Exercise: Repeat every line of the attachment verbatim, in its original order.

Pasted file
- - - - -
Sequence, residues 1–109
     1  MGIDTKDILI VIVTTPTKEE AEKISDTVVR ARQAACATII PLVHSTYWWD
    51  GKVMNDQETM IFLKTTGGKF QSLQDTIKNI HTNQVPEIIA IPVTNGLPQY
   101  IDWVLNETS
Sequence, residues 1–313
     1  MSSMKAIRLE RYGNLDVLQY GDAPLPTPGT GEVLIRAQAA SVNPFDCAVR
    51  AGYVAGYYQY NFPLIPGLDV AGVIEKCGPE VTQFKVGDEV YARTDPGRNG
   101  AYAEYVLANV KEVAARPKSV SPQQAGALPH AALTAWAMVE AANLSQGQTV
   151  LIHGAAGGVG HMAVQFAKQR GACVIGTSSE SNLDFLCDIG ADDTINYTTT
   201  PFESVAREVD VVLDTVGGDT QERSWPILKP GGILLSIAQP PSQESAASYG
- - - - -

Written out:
Sequence, residues 1–109
     1  MGIDTKDILI VIVTTPTKEE AEKISDTVVR ARQAACATII PLVHSTYWWD
    51  GKVMNDQETM IFLKTTGGKF QSLQDTIKNI HTNQVPEIIA IPVTNGLPQY
   101  IDWVLNETS
Sequence, residues 1–313
     1  MSSMKAIRLE RYGNLDVLQY GDAPLPTPGT GEVLIRAQAA SVNPFDCAVR
    51  AGYVAGYYQY NFPLIPGLDV AGVIEKCGPE VTQFKVGDEV YARTDPGRNG
   101  AYAEYVLANV KEVAARPKSV SPQQAGALPH AALTAWAMVE AANLSQGQTV
   151  LIHGAAGGVG HMAVQFAKQR GACVIGTSSE SNLDFLCDIG ADDTINYTTT
   201  PFESVAREVD VVLDTVGGDT QERSWPILKP GGILLSIAQP PSQESAASYG